Tuesday, 2 July 2013

Hawkesbury Cornstalks - Trove Tuesday

Cornstalk was a term used in the early 1800s to describe an Australian born resident, in comparison to one that was born overseas.  It was often used to describe the physique particularly the young men born in the colony, who were recorded as being “taller and fairer than the European-born and had thus flourished like the Indian corn brought to Australia.” 

In 1831 the newspapers recorded that the Hawkesbury cornstalks were in regards to “size, strength and agility, the best in the colony.”

According to the The Australian 28 January 1831, p. 3 located on Trove  lists thirty-two cornstalks from the Hawkesbury district that all stood over 1.83m (6 feet) and up to 1.92m (6’3½”). Among the number was Jack Kable, the Hawkesbury born son of First Fleet convicts Henry & Susannah Kable. Jack was a champion boxer of his time, and stood 6’ 3½”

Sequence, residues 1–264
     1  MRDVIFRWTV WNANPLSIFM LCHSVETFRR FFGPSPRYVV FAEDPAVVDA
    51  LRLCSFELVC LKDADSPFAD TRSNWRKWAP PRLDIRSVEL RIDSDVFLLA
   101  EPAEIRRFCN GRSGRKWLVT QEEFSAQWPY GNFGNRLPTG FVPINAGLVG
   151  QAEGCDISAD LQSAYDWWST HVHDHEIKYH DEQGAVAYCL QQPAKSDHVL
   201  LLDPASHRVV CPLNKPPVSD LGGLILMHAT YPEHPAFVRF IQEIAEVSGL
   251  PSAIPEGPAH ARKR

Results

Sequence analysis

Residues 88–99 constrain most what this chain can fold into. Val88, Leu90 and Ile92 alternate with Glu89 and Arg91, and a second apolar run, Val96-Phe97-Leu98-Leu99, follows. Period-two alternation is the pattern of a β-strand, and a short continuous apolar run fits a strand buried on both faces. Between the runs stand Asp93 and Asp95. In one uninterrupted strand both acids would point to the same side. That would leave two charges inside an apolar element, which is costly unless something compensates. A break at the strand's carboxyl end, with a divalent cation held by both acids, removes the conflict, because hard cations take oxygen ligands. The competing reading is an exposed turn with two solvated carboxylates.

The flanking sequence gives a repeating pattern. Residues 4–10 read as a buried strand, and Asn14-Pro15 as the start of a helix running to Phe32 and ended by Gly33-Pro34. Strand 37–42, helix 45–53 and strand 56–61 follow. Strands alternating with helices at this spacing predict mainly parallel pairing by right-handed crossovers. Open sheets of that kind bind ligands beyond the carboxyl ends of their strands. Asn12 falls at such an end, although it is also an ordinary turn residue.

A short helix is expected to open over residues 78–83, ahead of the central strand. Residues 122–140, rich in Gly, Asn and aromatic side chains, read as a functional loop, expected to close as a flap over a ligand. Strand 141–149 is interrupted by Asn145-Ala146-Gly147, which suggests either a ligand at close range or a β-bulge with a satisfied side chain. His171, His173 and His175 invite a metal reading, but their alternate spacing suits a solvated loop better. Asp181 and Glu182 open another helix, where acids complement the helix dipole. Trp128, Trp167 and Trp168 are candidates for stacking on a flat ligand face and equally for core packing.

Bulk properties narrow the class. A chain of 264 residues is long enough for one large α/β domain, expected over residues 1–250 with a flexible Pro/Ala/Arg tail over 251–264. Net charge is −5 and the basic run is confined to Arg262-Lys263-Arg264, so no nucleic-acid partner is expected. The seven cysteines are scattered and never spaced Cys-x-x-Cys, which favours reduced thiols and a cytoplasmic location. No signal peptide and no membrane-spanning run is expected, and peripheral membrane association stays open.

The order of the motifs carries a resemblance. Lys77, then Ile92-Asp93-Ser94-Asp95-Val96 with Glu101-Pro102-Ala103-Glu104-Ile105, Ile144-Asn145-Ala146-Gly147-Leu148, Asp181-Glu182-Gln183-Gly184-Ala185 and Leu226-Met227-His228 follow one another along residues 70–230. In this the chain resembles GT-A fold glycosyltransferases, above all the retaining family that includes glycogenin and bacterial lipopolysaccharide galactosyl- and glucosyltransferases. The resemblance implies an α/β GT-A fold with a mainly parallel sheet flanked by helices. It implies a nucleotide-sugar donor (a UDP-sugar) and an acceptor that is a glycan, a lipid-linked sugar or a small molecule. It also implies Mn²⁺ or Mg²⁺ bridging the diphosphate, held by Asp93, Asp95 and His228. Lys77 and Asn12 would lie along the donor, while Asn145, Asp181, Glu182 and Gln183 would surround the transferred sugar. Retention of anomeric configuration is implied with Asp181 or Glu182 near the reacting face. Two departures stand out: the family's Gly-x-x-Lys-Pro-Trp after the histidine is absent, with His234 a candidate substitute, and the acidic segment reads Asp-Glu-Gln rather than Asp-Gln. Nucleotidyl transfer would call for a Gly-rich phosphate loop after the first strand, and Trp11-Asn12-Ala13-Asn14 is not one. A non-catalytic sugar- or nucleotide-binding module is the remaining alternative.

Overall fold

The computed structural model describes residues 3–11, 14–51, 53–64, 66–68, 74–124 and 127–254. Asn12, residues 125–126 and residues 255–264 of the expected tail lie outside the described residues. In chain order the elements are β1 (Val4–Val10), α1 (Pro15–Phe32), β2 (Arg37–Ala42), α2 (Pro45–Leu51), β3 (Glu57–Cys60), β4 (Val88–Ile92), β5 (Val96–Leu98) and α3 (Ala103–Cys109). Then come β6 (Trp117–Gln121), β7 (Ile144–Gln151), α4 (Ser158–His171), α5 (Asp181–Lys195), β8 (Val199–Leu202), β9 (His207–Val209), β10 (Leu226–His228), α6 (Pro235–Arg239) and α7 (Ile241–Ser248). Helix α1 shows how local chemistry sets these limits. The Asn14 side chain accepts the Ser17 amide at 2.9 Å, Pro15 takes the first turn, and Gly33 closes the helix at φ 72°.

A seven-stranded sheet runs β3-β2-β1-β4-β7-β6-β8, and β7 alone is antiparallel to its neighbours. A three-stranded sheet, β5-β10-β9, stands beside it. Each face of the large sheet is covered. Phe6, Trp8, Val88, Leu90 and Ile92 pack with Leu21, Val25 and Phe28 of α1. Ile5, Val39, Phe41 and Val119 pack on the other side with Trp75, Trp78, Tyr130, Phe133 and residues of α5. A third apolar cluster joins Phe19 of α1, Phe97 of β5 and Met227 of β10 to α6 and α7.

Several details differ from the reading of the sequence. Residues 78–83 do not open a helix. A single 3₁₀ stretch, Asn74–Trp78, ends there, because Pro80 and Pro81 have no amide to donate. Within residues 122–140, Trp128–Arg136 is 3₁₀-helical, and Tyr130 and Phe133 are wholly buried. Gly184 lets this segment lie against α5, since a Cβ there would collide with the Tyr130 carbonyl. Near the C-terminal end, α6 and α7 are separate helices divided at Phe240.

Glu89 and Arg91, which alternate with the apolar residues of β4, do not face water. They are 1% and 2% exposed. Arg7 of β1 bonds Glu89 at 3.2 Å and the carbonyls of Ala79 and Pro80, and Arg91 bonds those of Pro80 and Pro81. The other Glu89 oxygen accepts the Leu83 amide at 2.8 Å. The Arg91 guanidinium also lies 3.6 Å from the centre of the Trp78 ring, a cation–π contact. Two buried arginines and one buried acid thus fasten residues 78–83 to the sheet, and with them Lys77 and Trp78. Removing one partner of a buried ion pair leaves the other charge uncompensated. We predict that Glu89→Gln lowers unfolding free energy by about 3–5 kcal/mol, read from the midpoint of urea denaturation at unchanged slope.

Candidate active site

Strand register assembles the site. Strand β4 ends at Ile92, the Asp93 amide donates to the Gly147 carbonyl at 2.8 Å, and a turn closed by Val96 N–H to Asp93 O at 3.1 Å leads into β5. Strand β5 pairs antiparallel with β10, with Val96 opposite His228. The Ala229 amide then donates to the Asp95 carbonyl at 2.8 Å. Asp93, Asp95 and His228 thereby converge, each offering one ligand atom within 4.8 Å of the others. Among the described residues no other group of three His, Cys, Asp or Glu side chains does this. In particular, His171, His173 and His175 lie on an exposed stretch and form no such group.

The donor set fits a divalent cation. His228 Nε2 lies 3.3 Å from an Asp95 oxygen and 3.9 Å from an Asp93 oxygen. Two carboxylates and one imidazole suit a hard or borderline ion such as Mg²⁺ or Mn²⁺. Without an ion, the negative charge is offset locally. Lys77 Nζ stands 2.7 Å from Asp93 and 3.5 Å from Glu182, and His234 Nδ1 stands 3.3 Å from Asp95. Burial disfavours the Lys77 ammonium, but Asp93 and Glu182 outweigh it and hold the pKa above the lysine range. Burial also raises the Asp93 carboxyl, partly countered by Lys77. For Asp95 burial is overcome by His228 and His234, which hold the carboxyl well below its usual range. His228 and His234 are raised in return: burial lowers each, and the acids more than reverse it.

The Australian 28 January 1831, p. 3

Some of the names included are Gaudry, Dargin, Wiseman, Merrick, Howe, Dight, Rose, Turnbull, Stubbs, Cobcroft, Bailey and Farlow.

“It is remarkable that the Hawkesbury lads are for the most part, the leaders among the Australian youths. The following 'little boys,' as their mothers call them, would form a strong match at a trial of strength, if opposed to an equal number of lads from any other district.” 

The young men often stood six feet six inches high.The writer stated "We hope they nourish in their hearts that love of country, and that spirit of independence becoming their superior physical strength. Some hundred others may be enumerated.”

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